Nearly a dozen Student Government Association members from Florida Polytechnic University traveled to the State Capitol in Tallahassee this week to meet with legislators and discuss their priorities for both their University and the other universities in the State University System.
“Our goal is to share our stories and experiences as Florida Poly students with legislators and demonstrate all the good the University does for not only its students, but also the state and country,” said Melia Rodriguez, SGA president. “With that, we are pushing for funding for two main areas, the Engineering Program Of Distinction and the Student Achievement Center.”
The Engineering Program of Distinction funding will help Florida Poly fulfill its academic mission and produce more high-skill graduates ready to fill Florida’s many vacant low-supply, high-wage STEM positions. Once built, the Student Achievement Center will enhance the student experience with ample spaces for study, multimedia collaboration, career and internship initiatives, instruction, offices, and an auditorium.
The students met with the Polk County delegation as well as various education committee members and their staffs to advocate for the University’s priorities and shore up their support for its mission.
“We split into two groups and met with all the representatives and senators from Polk County, so they not only already know of Florida Poly, but they’ve been on campus,” said Graham Gilbert, a senior majoring in data science and the SGA Senate president. “They are definitely fans of the University and it’s great speaking to them.”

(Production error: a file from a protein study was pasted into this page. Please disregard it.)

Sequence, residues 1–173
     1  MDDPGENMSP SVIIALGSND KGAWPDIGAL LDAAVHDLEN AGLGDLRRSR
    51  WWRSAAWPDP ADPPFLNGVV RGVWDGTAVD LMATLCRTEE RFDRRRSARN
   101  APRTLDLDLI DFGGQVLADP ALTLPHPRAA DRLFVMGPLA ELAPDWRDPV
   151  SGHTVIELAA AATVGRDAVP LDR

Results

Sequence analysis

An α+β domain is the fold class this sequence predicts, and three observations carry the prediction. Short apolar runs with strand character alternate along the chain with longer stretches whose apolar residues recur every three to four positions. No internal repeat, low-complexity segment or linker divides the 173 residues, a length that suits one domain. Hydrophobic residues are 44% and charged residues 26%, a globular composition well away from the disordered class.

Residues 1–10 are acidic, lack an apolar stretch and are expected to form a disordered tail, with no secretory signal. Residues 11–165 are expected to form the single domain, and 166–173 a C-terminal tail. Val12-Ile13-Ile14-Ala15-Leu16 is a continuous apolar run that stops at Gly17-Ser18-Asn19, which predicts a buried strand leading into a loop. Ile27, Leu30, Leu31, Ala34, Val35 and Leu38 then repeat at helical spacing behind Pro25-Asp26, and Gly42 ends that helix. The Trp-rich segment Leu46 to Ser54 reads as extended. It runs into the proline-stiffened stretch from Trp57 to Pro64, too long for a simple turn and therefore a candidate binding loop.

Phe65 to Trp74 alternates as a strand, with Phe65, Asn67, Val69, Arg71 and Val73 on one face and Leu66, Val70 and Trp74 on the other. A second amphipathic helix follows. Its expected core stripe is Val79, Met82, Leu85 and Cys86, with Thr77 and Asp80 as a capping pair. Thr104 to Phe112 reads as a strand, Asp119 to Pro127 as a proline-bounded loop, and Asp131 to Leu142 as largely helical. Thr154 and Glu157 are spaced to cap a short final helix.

Gilbert has participated in the lobbying event multiple times and was happy to be part of the experience again.
“It was all such a wonderful experience meeting all the representatives and senators and having the opportunity to rally on behalf of Florida Poly students,” he said.
The group also is participating in “Rally in Tally” this week, an annual event of the Florida Student Association (FSA). It brings together students from SUS campuses throughout Florida to advocate for collective priorities such as the Hunger-Free Campus Grant Program.
“The goal is to get in front of legislators and express the importance of higher education and continuing to fund it, and even increasing its funding,” said Rodriguez, a junior majoring in computer science. “The end goal is that they write and pass legislation that meets the needs of all students within the SUS that the FSA represents.”
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